In 286 AD, Carausius, a Roman military commander of Gaulish origins, was appointed to command the Classis Britannica, and given the responsibility of eliminating Frankish and Saxon pirates who had been raiding the coasts of Armorica and Belgic Gaul.

In the Roman province of Britannia, Saint Patrick was captured and enslaved by Irish pirates.

Early Polynesian warriors attacked seaside and riverside villages. They used the sea for their hit-and-run tactics - a safe place to retreat to if the battle turned against them.

Middle Ages to 19th Century

The most widely known and far reaching pirates in medieval Europe were the Vikings, warriors and looters from Scandinavia. They raided the coasts, rivers and inland cities of all Western Europe as far as Seville, attacked by the Norse in 844. Vikings even attacked coasts of North Africa and Italy. They also plundered all the coasts of the Baltic Sea, ascending the rivers of Eastern Europe as far as the Black Sea and Persia. The lack of centralized powers all over Europe during the Middle Ages favoured pirates all over the continent.

After the Slavic invasions of the Balkan peninsula in the 5th and 6th centuries, a Slavic tribe settled the land of Pagania between Dalmatia and Zachlumia in the first half of the 7th century. These Slavs revived the old Illyrian piratical habits and often raided the Adriatic Sea. By 642 they invaded southern Italy and assaulted Siponte in Benevento. Their raids in the Adriatic increased rapidly, until the whole Sea was no longer safe for travel.

The "Narentines," as they were called, took more liberties in their raiding quests while the Venetian Navy was abroad, as when it was campaigning in Sicilian waters in 827-82. As soon as the Venetian fleet would return to the Adriatic, the Narentines temporarily abandoned their habits again, even signing a Treaty in Venice and baptising their Slavic pagan leader into Christianity. In 834 or 835 they broke the treaty and again raided Venetian traders returning from Benevento, and all of Venice's military attempts to punish the Marians in 839 and 840 utterly failed. Later, they raided the Venetians more often, together with the Arabs. In 846 the Narentines broke through to Venice itself and raided its lagoon city of Kaorle. In the middle of March of 870 they kidnapped the Roman Bishop's emissaries that were returning from the Ecclesiastical Council in Constantinople. This caused a Byzantine military action against them that finally brought Christianity to them.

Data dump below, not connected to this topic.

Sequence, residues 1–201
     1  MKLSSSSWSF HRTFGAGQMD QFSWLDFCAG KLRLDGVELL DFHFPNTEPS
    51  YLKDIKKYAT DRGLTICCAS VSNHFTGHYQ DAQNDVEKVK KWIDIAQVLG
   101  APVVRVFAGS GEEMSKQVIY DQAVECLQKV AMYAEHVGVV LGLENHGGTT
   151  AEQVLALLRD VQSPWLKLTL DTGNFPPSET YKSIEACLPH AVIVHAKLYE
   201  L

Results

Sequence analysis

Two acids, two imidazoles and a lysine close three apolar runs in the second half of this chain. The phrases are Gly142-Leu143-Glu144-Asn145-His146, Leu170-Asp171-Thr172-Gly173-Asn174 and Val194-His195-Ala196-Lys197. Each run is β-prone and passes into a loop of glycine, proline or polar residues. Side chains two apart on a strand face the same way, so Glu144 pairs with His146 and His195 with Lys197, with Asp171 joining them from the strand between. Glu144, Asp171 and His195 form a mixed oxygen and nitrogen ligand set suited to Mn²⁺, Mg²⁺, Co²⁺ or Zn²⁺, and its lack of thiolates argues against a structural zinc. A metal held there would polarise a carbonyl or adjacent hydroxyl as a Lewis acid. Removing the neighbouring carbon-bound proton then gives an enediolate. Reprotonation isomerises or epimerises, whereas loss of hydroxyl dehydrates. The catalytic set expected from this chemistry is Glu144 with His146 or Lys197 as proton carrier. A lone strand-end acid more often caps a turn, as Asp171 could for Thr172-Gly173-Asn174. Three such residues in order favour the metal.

After the Arab raids on the Adriatic coast c. 872 and the retreat of the Imperial Navy, the Narentines restored their raids of Venetian waters, causing new conflicts with the Italians in 887-888. The Narentine piracy traditions were cherished even while they were in Serbia, serving as the finest Serb warriors. The Venetians futilely continued to fight them throughout the 10th-11th centuries.

In 937, Irish pirates sided with the Scots, Vikings, Picts, and Welsh in their invasion of England. Athelstan drove them back.